http://www.rei.com/product/731893
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Old 12-04-08, 03:42 PM   #19
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I did ask them motorcycle and never brought it up again. I still want one but I really want to get to the point to where I can live comfortable without driving my car for anything but cross town trips in vegas, out of state, and time essential unplanned events.
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Old 12-04-08, 03:58 PM   #20
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If you're worried about the bike being stolen, I would suggest going with a less desireable bike than a Kona or Surly. Maybe even get a used bicycle. Yeah, some people steal bikes just for the scrap metal, but others only steal the better ones so they can pawn or sell them. One way to keep them from stealing your high-dollar target is to not have a high-dollar target to steal.
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Old 12-04-08, 04:33 PM   #21
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I did ask them motorcycle and never brought it up again. I still want one but I really want to get to the point to where I can live comfortable without driving my car for anything but cross town trips in vegas, out of state, and time essential unplanned events.
I assumed so.

But you missed my point. You asked them about a motorcycle; they said NO. You then asked them about a bicycle; they said NO.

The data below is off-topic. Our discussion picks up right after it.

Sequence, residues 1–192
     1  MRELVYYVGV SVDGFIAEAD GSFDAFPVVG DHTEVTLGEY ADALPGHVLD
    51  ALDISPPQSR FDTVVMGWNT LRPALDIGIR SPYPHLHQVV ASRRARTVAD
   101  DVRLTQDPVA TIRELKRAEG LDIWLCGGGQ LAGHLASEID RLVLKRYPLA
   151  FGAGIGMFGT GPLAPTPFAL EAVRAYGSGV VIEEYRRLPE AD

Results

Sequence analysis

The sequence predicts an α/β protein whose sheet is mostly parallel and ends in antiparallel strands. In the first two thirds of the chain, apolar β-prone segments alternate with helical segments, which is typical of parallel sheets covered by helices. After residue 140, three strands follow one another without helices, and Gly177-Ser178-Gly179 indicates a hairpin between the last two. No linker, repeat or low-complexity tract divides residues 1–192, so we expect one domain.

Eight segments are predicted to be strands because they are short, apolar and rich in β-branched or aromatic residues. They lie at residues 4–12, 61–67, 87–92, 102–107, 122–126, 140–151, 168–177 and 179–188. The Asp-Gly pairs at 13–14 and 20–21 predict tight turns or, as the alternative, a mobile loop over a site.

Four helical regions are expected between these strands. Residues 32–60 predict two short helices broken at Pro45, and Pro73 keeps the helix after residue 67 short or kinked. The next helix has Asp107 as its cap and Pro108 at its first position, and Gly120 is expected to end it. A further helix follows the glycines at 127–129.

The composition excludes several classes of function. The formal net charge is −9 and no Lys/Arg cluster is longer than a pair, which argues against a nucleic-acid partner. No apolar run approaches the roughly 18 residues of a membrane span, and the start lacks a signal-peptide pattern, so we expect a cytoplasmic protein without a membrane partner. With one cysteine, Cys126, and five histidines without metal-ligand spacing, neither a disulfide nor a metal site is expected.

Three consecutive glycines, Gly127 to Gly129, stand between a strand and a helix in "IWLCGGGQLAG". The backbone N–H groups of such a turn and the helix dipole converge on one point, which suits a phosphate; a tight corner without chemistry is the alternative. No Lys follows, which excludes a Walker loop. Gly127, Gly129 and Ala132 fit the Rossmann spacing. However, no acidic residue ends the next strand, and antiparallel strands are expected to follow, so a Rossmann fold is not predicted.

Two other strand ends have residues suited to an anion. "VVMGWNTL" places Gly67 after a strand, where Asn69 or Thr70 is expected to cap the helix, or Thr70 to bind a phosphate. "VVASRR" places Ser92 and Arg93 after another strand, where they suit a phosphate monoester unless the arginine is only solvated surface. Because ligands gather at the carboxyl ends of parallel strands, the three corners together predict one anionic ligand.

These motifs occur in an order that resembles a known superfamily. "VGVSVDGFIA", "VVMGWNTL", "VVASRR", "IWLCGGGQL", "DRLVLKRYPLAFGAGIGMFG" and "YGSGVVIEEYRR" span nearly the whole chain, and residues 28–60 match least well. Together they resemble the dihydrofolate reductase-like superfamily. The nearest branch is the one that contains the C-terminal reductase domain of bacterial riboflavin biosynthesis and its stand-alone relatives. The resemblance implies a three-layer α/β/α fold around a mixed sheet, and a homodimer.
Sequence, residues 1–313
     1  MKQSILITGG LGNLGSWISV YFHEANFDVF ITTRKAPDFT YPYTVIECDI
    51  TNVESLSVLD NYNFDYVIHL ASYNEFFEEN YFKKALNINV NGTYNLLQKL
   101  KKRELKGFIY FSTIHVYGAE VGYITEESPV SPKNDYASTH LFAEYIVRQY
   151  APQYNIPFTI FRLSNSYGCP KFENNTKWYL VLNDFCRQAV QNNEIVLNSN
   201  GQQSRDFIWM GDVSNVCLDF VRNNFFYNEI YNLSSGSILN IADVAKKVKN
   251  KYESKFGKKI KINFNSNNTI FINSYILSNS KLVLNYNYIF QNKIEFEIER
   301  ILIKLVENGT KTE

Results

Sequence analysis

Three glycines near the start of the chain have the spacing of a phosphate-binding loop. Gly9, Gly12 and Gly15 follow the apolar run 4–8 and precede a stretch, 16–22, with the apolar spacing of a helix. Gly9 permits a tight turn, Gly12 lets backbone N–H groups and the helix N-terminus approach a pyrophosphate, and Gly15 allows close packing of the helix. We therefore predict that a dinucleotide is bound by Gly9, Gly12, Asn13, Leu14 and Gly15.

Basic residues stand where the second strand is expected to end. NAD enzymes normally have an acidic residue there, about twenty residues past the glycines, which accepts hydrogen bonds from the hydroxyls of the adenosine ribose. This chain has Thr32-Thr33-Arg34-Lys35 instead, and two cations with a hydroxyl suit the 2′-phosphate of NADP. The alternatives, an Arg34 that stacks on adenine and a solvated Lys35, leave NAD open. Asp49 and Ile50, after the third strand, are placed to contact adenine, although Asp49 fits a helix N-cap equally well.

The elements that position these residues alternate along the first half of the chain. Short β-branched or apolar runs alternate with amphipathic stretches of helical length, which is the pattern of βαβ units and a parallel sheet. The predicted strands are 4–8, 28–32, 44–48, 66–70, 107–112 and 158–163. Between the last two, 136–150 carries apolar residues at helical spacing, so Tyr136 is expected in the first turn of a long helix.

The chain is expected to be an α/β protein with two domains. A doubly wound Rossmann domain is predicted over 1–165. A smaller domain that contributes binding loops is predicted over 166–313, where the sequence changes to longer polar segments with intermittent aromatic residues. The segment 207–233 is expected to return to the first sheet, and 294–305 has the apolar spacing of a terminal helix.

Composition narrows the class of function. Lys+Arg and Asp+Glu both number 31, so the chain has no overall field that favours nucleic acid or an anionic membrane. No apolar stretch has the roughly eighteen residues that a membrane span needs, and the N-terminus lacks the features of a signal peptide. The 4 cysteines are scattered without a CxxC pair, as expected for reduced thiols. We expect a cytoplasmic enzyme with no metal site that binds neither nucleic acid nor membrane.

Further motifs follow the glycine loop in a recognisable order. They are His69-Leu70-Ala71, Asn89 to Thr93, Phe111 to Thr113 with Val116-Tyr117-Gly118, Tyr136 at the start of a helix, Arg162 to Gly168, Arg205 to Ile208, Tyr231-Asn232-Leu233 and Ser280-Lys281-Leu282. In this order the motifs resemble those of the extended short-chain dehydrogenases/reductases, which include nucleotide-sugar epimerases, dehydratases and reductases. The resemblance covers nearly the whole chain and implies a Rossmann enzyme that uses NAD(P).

Now, if you had asked them "There is insufficient campus parking, I need to get to school and then work, so should I ride a motorcycle or a bicycle?" The question does not open up to a NO answer.

Last edited by CB HI; 12-04-08 at 04:38 PM.
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Old 12-04-08, 04:40 PM   #22
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I assumed so.

But you missed my point. You asked them about a motorcycle; they said NO. You then asked them about a bicycle; they said NO.

Now, if you had asked them "There is insufficient campus parking, I need to get to school and then work, so should I ride a motorcycle or a bicycle? The question does not open up to a NO answer.


I gotcha. I have decided to just get a bike and start using it to workout and stuff at first and when I get use to the bike and the ride I will start commuting. I think I will ride my commute on the weekend so I can find the best and safest route.
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Old 12-04-08, 04:45 PM   #23
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I think I will ride my commute on the weekend so I can find the best and safest route.
A very smart thing to do. Also, go to the commuter forum with any commuting or bike equipment questions. You will get many good ideas there.
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Old 12-04-08, 05:15 PM   #24
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I gotcha. I have decided to just get a bike and start using it to workout and stuff at first and when I get use to the bike and the ride I will start commuting. I think I will ride my commute on the weekend so I can find the best and safest route.
I would also recommend that you drive your commute during the time you will actually be riding it. You may find that you want to change your route, or your schedule...
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Old 12-04-08, 05:37 PM   #25
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My wife and my mother have long since stopped expressing their fears of my commuting by bicycle. They figure that if I made this far in life without getting seriously hurt or killed, then I must be either lucky or have some sort of idea what I'm doing.
Now I just have to convince my employer.